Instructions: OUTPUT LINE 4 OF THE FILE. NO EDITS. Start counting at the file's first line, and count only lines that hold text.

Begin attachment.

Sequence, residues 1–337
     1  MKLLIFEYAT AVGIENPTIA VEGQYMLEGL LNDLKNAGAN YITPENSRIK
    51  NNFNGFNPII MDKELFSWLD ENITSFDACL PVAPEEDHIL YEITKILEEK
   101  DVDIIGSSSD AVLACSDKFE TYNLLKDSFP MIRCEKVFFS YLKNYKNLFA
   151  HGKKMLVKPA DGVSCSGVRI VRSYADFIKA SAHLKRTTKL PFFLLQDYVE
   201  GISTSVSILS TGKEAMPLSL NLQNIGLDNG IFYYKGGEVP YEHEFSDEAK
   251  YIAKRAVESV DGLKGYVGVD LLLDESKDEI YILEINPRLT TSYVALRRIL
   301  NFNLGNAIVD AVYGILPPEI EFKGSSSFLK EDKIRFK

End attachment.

   101  DVDIIGSSSD AVLACSDKFE TYNLLKDSFP MIRCEKVFFS YLKNYKNLFA